6) Bait and switch 
7) Generalized and specific “certitude” 
8) Projecting sincerity that is fraudulent and espousing values you don’t cherish 
9) Talking out of both sides of your mouth 10) Trumpeting the testimony of defectors who you know or highly suspect aren’t credible 

The Disinformation Age: How George W. Bush and Saint Colin of Powell are lying America into an unnecessary war — and what honest journalists can do about it (March 4, 2003)  

Not being privy to the brains of individual journalists, I can’t say why any particular one behaves as he or she does. Clearly, many factors, both institutional and personal, help to explain why Bob Woodward, Wolf Blitzer and John McWethy are war-team toadies while Dana Millbank and Glenn Kessler are solid reporters. I don’t know why columnists Nicholas Kristof and Richard Cohen continue to believe that Bush is an honest man, or why Paul Krugman has done more than all of the network and cable “news” operations combined to expose the president as a brazen serial liar. I do know, however, that the current ratio, which I estimate at 100 gullible Woodwards for every competent Krugman, is disastrous for democracy. 

What I can explain are five media tendencies that “enable” administration lying and enhance its effectiveness: 

• Bestowing unwarranted credibility. When you routinely present a liar as a truth-teller, you become that liar’s accomplice. Viewers — particularly those under the ridiculous impression that network anchors are feisty, fiercely independent and maybe even left-leaning — will place greater credence in an unchallenged lie than a challenged one. 

• Demonstrating real or feigned gullibility. The first indicates journalistic incompetence, the second journalistic corruption. Either should be a firing offense, but in our twisted media world it’s a ticket to the top. Self-respecting “news” organizations don’t retain, let alone promote, people such as Bob Woodward and Ted Koppel, or any of the Rumsfeld groupies “covering” the Pentagon. 

• Failure to keep a lying score. A number of administration lies have been exposed, though the exposure is brief and often comes weeks after the lie has racked up millions of “frequent liar miles.” A reputable editor, publisher, anchor or producer would be troubled by this and would rectify the situation by regularly publishing or airing a running tally of administration lies. 

• Failure to impose a penalty for lying. Why does Bush systematically lie? Because the lies help him to win support for his policies — on economic and other issues as well as Iraq — and the media impose no penalties on those rare occasions they belatedly catch him. Imagine how much robbery we’d have if the only “penalty” for getting caught was a brief mention you were caught. Just as Bush can keep telling the lie, you get to keep the TV or SUV you stole. Not much of a “deterrent.”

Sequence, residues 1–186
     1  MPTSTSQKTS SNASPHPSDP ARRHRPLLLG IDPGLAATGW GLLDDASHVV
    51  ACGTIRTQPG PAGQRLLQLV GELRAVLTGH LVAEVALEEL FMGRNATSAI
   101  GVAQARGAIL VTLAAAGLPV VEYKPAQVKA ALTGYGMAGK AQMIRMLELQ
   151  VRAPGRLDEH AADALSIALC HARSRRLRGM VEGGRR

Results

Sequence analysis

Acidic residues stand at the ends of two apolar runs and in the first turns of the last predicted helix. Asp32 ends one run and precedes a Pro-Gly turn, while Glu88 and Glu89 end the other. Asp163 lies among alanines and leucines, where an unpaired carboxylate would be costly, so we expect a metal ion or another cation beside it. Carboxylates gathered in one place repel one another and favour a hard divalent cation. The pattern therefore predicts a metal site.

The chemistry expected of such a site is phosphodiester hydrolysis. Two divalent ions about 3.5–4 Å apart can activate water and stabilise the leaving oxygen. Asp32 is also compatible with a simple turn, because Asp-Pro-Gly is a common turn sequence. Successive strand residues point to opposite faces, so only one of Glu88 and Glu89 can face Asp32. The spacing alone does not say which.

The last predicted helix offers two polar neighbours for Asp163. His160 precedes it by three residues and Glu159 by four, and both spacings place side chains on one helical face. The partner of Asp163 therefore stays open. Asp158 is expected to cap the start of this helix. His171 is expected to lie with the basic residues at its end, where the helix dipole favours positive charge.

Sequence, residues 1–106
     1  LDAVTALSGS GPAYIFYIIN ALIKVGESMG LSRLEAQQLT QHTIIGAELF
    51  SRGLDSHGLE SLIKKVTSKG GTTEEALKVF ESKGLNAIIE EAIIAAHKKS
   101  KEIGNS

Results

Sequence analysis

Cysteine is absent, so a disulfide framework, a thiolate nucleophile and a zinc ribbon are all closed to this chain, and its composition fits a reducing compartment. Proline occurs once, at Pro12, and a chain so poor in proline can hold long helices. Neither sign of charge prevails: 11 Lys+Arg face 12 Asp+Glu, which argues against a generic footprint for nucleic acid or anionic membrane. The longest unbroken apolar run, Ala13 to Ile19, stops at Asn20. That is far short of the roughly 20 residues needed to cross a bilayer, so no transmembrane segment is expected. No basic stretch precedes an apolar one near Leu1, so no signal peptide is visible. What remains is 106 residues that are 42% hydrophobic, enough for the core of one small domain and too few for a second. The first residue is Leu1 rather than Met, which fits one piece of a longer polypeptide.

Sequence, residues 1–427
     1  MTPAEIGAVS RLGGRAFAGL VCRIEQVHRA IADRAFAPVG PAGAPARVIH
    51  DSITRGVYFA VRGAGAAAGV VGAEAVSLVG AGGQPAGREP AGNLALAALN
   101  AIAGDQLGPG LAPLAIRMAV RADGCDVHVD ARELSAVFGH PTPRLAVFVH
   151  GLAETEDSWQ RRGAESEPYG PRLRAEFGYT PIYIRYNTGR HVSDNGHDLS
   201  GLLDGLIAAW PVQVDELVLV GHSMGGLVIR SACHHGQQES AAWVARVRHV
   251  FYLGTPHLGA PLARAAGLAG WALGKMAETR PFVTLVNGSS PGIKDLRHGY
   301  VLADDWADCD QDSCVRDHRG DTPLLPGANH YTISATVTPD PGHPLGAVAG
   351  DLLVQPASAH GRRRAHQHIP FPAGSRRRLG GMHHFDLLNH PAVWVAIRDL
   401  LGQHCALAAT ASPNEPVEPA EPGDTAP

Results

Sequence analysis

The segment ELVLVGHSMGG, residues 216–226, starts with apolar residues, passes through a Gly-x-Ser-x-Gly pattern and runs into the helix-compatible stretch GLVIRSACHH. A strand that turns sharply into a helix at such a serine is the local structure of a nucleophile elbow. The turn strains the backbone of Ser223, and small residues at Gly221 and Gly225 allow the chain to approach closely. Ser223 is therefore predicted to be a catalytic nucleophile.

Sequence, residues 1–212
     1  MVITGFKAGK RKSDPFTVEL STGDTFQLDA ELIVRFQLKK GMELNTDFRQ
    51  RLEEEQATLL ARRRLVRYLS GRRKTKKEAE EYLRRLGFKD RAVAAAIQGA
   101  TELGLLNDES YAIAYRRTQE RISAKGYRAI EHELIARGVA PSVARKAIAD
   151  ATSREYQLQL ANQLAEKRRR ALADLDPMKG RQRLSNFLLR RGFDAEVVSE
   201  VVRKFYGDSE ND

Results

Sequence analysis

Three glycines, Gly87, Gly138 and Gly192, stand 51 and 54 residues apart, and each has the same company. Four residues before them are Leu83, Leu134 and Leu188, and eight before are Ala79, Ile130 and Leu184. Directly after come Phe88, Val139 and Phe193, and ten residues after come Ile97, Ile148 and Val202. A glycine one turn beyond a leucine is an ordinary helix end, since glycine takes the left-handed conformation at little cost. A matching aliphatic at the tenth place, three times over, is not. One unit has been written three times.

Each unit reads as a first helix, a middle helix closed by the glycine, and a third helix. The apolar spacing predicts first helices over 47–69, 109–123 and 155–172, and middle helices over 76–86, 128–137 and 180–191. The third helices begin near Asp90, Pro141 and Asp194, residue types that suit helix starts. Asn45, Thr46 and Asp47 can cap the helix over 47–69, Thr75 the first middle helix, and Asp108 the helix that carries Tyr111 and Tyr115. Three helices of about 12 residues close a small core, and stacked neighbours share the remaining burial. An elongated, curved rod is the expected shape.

• No institutional memory BY DESIGN. In a healthy media environment, experts on the patterns, techniques and history of foreign-policy disinformation campaigns would be valued assets. In our present media environment, such people are shunned and staffers are discouraged from developing their own expertise. TV can hire scores of generals to provide expert analysis, but they won’t hire experienced disinformation exposers Robert Parry, Peter Kornbluh, Norman Solomon, Edward Herman or Noam Chomsky. 

By now, the war seemed inevitable. I cranked out several pieces — some straight and some bent — in the weeks that followed, including these: 

How to Deter Bush’s Fibbing and Hoopsters’ Flopping (March 14, 2003)  

Bush’s Gut Is a No-Brainer (March 17, 2003)  

Wednesday Night Warfare (March 20, 2003)  

IAEA labels Bush “fake,” Powell “inauthentic” (March 29, 2003)  

Embedded super-reporter Judith Miller reveals Raiders won 2003 Super Bowl (April 26, 2003)  

Many thanks to the good folks at the various websites that posted my work. Curses to the mainstream outlets that refused to run even watered-down versions. Apologies to the dead and wounded soldiers and civilians, regardless of nationality, for my ineffectiveness. A tip of the hat to everyone around the world who worked so hard to try to prevent the war. 

The silver lining 

Maybe some good will come out of the war. The cruel sanctions have been lifted, so let’s hope the social indicators improve rapidly for the long-suffering Iraqis, and let’s hope that a reasonable government not imposed from without emerges in time. 

We’re starting to see some good news at home in that the lying, cheat-and-advance Bush administration is slowly being exposed for what it is, which could lead to Bush getting his butt kicked in the next election. The war also exposed our news media for the jokes that they are. It will be interesting to see if they can get the public to believe that they (the media) were duped by the administration rather than willing accomplices in the duping of the public. Take my word for it, folks, it’s mostly the latter.


Dennis Hans is a freelance writer whose work has appeared in the New York Times, Washington Post, National Post (Canada) and online at, Slate and The Black World Today (, among other outlets. He has taught courses in mass communications and American foreign policy at the University of South Florida-St. Petersburg. Dennis is a contributing writer for Liberal Slant and can be reached at